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Special Tax Benefits for Roth IRA Conversions End in 2010!

If you are thinking about converting your IRA to a Roth IRA, don’t miss the opportunity to do it before the end of 2010. There is currently a provision in the tax code that allows IRA owners to convert some or all of their IRAs to a Roth IRA and get tax benefits that will not be available in 2011 and beyond.

There are two rules pertaining to Roth conversions that are waived for 2010, and it is important to know both since they will not be available after January 1, 2011. First, an IRA owner must normally have an adjusted gross income (AGI) of less than $100,000/year in order to qualify for a Roth conversion. In 2010 though, this rule is waived and anyone can convert regardless of their income.

The second rule applies only to conversions made in 2010. IRA owners can spread the income resulting from the conversion over the next two years, namely 2011 and 2012. When an IRA is converted to a Roth, the converted amount is added to the income of the IRA owner in the year of conversion and therefore taxed at that individual’s tax bracket for that year. However, for 2010 conversions only, all converted amounts can be split so that half of the income is added to the 2011 tax year and the other half to the 2012 tax year.

For example, if an IRA owner converts a $50,000 IRA to a Roth, they can add $25,000 to their income for 2011 and $25,000 to their income for 2012. This potentially allows an IRA owner to save a large amount of taxes on their conversions. Additionally, this provision allows the IRA owner to have a tax-free loan from the IRS for once.

To illustrate this, we discussed the fact that an IRA owner who converted $50,000 in 2010 can add $25,000 to the income for 2011 and another $25,000 for 2012. But when are the taxes due for the $25,000 which is added to the 2011 tax year? On April 15, 2012. That’s nearly 1-1/2 years away.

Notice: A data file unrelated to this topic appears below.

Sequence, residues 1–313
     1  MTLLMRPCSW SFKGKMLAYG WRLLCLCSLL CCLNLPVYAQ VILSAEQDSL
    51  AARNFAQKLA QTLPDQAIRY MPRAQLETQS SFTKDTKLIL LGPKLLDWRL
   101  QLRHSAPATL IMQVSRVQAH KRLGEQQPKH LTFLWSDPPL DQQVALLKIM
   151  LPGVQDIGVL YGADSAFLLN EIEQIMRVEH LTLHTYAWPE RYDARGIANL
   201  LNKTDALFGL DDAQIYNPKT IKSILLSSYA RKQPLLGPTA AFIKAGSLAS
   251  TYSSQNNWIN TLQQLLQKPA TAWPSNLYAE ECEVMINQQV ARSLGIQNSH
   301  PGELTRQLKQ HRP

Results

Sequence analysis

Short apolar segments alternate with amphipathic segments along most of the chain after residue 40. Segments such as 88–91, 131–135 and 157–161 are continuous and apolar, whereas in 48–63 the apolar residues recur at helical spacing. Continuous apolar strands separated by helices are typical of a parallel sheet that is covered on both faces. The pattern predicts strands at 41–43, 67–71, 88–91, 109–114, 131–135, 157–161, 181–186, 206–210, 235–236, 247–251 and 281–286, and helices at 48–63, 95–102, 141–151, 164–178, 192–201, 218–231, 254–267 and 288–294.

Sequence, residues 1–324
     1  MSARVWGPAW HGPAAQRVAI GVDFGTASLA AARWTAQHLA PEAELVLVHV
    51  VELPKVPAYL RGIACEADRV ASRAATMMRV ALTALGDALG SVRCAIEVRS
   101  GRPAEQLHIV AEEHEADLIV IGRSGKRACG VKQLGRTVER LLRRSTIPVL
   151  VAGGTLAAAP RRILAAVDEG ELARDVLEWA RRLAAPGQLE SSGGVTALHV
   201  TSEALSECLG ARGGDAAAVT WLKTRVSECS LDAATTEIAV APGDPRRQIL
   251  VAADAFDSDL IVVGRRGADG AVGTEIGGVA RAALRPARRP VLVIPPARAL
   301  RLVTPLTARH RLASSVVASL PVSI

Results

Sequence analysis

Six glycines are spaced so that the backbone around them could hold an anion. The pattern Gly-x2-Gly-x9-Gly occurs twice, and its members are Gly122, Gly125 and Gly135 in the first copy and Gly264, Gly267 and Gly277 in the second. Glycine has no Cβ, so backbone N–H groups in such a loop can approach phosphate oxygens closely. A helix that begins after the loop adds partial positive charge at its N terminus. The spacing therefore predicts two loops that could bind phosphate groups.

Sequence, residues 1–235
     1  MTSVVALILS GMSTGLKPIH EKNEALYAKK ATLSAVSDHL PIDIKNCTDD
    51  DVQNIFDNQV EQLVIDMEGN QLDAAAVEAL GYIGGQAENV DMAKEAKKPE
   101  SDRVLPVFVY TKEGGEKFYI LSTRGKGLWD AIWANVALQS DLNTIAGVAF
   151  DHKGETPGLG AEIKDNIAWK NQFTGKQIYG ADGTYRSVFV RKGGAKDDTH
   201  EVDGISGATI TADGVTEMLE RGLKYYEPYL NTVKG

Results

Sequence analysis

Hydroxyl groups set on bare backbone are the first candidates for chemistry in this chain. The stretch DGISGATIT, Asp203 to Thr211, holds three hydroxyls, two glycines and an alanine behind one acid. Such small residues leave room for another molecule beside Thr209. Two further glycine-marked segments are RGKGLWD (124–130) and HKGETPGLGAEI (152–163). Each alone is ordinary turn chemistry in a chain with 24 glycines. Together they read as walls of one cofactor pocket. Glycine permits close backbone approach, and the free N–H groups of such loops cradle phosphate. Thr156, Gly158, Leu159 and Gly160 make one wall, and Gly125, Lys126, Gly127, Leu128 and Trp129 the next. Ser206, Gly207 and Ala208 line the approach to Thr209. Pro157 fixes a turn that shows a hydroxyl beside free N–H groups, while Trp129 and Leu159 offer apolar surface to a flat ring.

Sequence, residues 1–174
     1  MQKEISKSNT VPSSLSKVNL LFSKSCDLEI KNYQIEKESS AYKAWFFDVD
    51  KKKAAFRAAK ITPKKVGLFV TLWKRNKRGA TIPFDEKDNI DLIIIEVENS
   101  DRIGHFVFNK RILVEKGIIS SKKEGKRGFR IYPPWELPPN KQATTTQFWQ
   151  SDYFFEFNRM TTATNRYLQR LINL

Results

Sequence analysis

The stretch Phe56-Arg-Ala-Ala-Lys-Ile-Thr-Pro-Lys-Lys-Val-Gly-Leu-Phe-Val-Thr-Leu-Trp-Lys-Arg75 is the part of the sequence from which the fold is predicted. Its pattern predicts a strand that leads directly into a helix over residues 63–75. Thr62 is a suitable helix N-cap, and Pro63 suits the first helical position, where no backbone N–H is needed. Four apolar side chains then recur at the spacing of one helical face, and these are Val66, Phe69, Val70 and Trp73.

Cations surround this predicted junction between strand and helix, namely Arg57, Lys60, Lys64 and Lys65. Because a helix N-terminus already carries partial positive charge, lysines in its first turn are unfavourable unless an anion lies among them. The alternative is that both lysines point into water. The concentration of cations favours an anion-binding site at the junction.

When are the taxes due for the $25,000 added to the 2012 tax year? On April 15, 2013. Therefore, even though you converted in 2010, you won’t have to make a final tax payment for nearly 2-1/2 years. Essentially, you have a tax-free loan from the IRS and this money can be invested until it has to be paid.

However, Roth IRA conversions may not be appropriate or make sense for every IRA owner. For example, if an IRA owner is charitably-minded, it may not make sense to convert because they can give their IRA to a charity and no taxes will be paid at all. As a matter of fact, the IRA owner would receive an income tax deduction, which would result in less taxes to pay! So before rushing out and converting, make sure you discuss your specific situation with a financial professional who understands the specifics of the conversion process.

For a more detailed discussion of Roth IRA conversions, see my 6/3/09 blog post titled “IRA-Roth IRA Conversion”.